Presenting The Grievance
Many stewards do the basic work of grievance preparation. They listen to the grievant, investigate the issue and then decide whether the problem is grievable under the contract.
Once the decision is made to go ahead with the grievance, the steward usually requests a meeting with his or her counterpart in management. The grievance is then presented in an oral or written form.
Here are some hints on what to do prior to and at that meeting.
Have your facts down in writing. Organize and understand your notes to guide your presentation. Be confident. Anticipate the company's argument and have your answers ready. Make an effort to talk to the worker alone before you meet the supervisor.
Talk the case over, if necessary, with other representatives, your committee people, or others who might help you.
Once you are in the meeting with management, maintain a united union front. If you have a difference of opinion during a meeting, take a recess and iron the problem out in private. It does not look unprofessional to call a short recess. If the grievant looks as if he or she is damaging the case, stop the meeting and ask for a short break until things calm down.
Insist on discussing the issue raised by the grievance only, nothing else.
Take notes during the conference.
Try to narrow the area of difference between union and company. Listen intently and look for solutions to the problem that the company may feel it can only reveal by subtle implications, hints, indirect suggestions, or body language.
Avoid getting excited, angry or hostile. On rare occasions, after you have reasoned that there would be an advantage to the union, such behavior may be advisable. The steward is cautioned to keep him/herself under complete control less he/she lose the advantage. Donít get goaded into anger. When the company has no case at all, they may try to provoke you.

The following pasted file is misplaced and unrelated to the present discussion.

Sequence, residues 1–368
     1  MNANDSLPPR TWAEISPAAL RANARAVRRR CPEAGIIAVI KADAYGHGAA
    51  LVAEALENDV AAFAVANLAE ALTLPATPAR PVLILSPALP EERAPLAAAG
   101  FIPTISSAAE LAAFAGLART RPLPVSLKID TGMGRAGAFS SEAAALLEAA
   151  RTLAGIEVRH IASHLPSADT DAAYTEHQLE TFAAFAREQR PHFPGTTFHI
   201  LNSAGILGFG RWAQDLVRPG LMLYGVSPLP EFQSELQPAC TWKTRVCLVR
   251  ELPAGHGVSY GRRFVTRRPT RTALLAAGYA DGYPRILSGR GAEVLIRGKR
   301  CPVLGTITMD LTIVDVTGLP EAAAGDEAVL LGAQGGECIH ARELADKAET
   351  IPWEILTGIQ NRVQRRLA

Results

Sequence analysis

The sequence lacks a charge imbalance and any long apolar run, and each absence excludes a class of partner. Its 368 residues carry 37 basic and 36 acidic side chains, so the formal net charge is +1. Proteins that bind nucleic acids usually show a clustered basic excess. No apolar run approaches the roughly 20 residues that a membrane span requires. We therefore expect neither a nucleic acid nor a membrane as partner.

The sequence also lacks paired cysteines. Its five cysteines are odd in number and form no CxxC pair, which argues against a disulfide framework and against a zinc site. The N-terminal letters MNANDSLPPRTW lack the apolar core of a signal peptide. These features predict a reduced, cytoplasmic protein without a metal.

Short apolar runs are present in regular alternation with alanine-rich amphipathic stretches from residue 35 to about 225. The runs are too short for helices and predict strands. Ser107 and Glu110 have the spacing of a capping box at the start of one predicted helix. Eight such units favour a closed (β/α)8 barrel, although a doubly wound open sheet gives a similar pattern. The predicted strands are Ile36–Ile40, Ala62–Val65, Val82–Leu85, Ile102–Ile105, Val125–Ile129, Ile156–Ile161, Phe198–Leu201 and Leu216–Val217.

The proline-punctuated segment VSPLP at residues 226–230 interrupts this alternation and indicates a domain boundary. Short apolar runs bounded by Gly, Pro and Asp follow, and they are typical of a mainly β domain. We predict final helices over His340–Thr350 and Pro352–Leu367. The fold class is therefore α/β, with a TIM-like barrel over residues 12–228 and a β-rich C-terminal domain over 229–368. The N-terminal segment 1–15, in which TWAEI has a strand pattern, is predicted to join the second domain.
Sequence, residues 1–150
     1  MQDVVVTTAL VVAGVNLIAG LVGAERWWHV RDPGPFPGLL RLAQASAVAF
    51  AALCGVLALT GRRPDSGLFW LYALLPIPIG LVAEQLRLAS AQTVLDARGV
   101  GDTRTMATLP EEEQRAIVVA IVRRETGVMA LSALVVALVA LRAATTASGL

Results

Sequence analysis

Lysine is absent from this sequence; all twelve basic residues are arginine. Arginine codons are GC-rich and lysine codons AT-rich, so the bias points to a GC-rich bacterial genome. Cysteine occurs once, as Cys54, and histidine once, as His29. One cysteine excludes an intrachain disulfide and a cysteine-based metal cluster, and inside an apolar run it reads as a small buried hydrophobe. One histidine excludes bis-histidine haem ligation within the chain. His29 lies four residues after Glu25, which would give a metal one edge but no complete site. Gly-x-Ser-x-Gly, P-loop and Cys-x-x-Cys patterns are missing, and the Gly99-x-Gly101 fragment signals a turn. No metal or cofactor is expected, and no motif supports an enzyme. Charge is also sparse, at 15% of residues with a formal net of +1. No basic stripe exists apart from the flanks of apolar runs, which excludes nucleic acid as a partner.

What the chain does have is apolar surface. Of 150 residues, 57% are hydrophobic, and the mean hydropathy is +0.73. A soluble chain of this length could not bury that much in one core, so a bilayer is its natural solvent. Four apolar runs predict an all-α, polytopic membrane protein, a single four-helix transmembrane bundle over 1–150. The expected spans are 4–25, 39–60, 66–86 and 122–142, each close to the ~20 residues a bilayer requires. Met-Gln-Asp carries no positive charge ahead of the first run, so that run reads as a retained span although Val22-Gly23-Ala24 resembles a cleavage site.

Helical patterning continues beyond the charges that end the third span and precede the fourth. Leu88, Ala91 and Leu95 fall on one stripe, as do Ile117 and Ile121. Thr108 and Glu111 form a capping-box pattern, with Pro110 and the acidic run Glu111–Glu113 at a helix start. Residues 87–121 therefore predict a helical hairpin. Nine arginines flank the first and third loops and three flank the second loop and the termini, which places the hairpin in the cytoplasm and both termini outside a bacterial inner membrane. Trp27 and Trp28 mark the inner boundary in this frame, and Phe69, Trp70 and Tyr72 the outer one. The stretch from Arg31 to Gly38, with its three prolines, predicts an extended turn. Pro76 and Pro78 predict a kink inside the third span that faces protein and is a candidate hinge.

If the company asks for more time, try to determine whether it is an attempt to stall or it is based on a sincere desire for more facts needed to settle the case. If the company is not trying to stall, you should grant a reasonable extension. You may need to go back to the company on another grievance and ask for more time.
But when company delays are intentional, the more time that passes, the "cooler" the grievance becomes and the less support you will get from the worker or workers involved. The more grievances that are piled up in the procedure, the more likely that the company will try to "horsetrade" a settlement of a few grievances for dropping of others.
But make sure they are properly settled. It helps to build better relationships in the department. The union representative will feel like the vital part of the union that he/she is.
The union representative also wins respect from the members of his/her department. Donít pass the buck. If you can settle the grievance in the first step, do so.
In discipline cases, this is true. In money grievances, you might try to apply the same strategy. Let the supervisor try to justify and prove that the action he/she has taken is correct. Don't try to show where he or she is wrong. Let the supervisor first carry the burden of proof in telling you how he/she is right.
It is only a matter of time until your bluff is called; it is in the long run wiser to develop a reputation for honesty.
Avoid hasty conclusions that you were wrong. Take time to give the matter considerable thought.
Refer the grievance to the next step when not settled. Give the representative above you all the facts; also the arguments used in your discussion with the supervisor. Don't allow the grievance to lay around.
Delayed grievances mean delayed justice. Keep a constant check on the progress of the grievance and at what step it is. Report back to the grievant and the department--they're concerned too.
Contract adminsitration is a day-to-day activity and should involve the stewards and the rank-and-file. The best contract in the world has no value if the worker and the union representative do not require the company to live up to its terms.
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